While Git keeps track of your daily changes, it also has systems like branches that help you organize. However, if you are not careful, you can end up with problems like commits and changes in the wrong branch, which can be difficult to solve without the right commands.
Moving changes (if you have not committed yet)
Git monitors your entire directory, but changes you make to files are not tied to a specific branch before you commit them. You can move branches and take these changes with you.
The simplest option is to simply switch branches, but this will only work if the two branches you are targeting has a matching story:
git checkout feature
You can get around this in a few ways. The first is by making a new branch and then merging the divergent stories:
git checkout -b tempfeature git checkout feature git merge tempfeature
You can also use
git stash to save changes for later and reuse them on a new branch:
git stash git switch feature git stash apply
Relocation obligations (if you have already committed)
If you have already committed, do not despair – You can always soft reset, so commitments are not final until they are pushed to remote control of the source. If you have already done so, you can still fix the problem, but the registration of your error will live on in your Git history, so it’s best to do it locally before your colleagues see it.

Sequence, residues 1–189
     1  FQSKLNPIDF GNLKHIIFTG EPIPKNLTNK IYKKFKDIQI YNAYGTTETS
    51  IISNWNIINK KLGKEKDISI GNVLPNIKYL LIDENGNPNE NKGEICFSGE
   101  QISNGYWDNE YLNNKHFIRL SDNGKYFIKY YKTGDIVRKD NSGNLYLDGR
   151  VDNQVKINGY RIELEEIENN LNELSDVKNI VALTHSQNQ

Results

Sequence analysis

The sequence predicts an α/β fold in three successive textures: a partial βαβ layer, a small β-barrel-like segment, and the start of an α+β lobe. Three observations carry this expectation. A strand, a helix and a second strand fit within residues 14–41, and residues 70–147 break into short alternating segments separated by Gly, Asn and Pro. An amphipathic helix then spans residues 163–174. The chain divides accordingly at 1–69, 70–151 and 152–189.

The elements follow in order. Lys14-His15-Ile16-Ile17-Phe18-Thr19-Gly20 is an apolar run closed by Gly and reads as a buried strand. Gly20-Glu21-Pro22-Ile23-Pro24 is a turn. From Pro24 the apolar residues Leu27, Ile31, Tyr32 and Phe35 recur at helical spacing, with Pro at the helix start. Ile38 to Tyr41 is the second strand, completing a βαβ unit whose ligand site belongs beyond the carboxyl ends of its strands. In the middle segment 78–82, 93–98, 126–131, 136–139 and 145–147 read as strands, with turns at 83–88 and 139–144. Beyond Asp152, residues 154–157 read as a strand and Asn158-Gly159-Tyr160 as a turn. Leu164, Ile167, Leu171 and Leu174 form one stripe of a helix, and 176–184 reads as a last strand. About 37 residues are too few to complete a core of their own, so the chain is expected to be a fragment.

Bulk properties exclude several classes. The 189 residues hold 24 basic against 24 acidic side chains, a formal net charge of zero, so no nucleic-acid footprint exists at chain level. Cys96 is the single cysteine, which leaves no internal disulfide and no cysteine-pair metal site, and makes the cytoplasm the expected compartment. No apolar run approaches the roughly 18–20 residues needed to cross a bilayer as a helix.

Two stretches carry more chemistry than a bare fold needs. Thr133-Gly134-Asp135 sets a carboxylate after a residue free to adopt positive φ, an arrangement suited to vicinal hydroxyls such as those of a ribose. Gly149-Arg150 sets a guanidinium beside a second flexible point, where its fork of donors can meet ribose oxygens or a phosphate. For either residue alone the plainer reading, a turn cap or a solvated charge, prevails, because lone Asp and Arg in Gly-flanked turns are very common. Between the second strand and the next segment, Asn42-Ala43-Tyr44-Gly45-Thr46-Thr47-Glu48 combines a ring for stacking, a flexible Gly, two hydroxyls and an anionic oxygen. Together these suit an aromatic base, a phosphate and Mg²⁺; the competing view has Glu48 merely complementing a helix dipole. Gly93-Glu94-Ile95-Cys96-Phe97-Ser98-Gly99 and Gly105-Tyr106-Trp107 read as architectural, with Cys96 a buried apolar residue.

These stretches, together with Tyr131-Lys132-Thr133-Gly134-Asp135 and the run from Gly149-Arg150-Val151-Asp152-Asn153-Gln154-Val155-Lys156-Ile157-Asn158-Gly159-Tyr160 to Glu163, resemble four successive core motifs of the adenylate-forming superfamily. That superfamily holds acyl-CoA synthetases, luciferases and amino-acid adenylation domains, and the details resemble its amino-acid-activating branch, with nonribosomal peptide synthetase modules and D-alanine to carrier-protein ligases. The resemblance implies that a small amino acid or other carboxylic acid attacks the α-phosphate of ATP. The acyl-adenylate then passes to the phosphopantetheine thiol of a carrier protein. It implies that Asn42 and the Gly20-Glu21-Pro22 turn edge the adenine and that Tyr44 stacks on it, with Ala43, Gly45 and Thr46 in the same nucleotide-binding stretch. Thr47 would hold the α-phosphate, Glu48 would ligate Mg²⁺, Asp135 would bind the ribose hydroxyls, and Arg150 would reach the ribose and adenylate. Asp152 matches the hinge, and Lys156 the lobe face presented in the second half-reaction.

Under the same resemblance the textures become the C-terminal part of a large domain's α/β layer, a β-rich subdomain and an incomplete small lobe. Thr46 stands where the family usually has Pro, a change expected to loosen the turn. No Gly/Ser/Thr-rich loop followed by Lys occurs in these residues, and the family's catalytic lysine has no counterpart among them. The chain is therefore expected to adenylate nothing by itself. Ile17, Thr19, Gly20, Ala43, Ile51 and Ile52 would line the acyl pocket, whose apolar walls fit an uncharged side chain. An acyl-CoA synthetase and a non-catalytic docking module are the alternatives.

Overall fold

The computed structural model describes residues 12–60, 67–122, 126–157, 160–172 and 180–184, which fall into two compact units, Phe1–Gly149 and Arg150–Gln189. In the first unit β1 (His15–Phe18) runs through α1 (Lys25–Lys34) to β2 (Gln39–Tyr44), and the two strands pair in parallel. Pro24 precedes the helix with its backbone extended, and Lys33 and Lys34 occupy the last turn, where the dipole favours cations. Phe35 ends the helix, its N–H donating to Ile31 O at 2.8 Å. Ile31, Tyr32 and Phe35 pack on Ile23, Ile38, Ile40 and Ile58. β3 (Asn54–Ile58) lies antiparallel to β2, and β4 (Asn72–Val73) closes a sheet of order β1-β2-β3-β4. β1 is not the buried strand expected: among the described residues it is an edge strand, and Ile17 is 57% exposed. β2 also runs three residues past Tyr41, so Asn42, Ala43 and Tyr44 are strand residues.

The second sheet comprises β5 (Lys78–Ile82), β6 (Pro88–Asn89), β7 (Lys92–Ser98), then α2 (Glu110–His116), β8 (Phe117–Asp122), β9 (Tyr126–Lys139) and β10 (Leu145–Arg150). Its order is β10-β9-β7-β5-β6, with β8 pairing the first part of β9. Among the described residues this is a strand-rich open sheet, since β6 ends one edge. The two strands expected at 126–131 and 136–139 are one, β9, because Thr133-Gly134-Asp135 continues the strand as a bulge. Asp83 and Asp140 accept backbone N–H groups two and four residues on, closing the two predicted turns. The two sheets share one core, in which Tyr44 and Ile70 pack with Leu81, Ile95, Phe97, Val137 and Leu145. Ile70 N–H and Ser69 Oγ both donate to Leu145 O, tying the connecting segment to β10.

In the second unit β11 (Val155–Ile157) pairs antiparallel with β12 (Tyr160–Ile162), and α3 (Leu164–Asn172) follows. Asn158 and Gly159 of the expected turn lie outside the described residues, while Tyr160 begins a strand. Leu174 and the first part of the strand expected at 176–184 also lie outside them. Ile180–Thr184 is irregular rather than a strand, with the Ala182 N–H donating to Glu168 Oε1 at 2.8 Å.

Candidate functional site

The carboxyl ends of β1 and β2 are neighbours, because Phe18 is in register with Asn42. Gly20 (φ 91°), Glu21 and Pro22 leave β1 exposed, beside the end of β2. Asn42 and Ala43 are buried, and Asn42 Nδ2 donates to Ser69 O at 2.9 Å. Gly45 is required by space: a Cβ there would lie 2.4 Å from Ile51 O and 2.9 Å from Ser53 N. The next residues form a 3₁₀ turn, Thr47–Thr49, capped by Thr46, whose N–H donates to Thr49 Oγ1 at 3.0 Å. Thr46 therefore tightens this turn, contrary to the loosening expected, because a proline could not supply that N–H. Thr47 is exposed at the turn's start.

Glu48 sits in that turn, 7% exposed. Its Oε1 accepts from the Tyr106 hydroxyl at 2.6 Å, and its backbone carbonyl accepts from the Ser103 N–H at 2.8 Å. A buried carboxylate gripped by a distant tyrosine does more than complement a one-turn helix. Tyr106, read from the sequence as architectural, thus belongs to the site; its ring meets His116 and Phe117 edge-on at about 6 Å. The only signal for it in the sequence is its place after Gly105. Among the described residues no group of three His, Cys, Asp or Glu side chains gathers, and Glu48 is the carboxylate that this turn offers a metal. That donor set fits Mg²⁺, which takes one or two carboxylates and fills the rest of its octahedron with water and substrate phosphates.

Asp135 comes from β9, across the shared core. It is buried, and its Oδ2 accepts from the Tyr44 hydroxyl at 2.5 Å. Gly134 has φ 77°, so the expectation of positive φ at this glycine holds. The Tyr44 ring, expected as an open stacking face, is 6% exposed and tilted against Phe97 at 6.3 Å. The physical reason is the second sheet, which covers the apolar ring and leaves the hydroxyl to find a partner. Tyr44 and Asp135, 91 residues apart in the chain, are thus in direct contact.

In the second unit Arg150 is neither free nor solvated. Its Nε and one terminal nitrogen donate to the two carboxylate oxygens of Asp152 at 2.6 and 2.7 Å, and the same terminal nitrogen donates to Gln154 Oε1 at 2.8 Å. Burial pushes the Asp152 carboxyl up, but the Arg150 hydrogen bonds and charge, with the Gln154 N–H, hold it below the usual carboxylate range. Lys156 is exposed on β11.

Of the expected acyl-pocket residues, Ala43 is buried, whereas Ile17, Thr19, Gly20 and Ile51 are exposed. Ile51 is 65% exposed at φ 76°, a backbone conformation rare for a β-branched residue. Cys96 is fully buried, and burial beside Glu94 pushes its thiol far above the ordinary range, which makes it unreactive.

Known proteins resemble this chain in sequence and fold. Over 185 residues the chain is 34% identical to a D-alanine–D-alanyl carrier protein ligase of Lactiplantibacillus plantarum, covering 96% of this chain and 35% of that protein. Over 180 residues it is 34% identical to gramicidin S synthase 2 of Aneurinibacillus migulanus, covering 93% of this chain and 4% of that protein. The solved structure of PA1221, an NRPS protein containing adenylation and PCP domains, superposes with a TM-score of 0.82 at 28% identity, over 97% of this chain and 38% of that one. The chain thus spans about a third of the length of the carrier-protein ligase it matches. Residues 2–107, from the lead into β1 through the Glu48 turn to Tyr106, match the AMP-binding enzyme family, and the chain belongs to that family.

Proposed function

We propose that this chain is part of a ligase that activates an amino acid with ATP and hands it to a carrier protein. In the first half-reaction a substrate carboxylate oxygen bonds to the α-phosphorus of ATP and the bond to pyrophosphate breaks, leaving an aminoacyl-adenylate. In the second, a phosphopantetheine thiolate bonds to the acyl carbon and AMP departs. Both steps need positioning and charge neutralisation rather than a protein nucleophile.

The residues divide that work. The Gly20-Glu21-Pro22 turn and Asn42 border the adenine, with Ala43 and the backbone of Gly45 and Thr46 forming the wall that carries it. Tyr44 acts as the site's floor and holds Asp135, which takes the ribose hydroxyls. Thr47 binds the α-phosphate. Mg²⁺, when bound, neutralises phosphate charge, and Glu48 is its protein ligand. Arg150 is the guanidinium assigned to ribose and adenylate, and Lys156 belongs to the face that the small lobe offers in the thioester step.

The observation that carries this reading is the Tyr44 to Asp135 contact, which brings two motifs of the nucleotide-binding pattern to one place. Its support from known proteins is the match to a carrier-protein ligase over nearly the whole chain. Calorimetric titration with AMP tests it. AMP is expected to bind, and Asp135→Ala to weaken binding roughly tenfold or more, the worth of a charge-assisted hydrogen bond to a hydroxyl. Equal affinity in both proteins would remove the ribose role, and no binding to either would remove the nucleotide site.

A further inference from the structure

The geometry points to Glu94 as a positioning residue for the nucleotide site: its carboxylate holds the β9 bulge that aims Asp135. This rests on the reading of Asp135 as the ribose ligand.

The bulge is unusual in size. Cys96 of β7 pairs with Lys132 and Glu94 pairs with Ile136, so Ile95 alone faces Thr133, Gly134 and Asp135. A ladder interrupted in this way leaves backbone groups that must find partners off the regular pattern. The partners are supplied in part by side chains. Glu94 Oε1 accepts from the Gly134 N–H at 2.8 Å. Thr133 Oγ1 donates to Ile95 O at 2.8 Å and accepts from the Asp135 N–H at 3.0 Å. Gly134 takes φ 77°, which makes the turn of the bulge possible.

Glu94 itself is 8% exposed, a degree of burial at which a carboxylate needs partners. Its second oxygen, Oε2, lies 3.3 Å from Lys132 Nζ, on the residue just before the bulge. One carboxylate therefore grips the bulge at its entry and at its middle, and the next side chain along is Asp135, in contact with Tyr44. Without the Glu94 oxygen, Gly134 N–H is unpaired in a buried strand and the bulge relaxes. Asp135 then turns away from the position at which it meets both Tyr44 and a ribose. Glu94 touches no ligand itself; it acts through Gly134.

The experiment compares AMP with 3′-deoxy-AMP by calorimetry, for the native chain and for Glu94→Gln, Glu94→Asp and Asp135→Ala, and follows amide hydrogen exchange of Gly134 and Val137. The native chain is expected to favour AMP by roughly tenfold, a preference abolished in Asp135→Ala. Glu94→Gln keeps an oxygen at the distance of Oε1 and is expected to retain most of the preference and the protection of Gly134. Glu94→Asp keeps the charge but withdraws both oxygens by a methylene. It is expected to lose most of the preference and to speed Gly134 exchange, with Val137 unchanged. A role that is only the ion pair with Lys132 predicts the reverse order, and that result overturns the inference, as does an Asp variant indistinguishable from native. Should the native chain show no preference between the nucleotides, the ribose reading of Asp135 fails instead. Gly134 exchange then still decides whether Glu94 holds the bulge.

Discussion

To undo commits, you can just soft reset, usually just undo the last commit that was made, but you can also send a reference to the commit ID:
git reset HEAD~1
This will leave you in the “not committed yet” mode, after which you can use the methods above to resolve the issue.
Alternatively, you can use
git cherry-pick. This command copies commits from one branch to another and is a great way to select commits and move them to new industries in a clean way.
git log to find the ID of the commitment you want to recover:
Then check the feature branch, provided your changes have been made, and run
git switch feature git cherry-pick
Then there will still be a duplicate commit on the main branch. You can reset this and discard the changes if the function branch is in the correct order, or keep it and let Git fix it when you merge.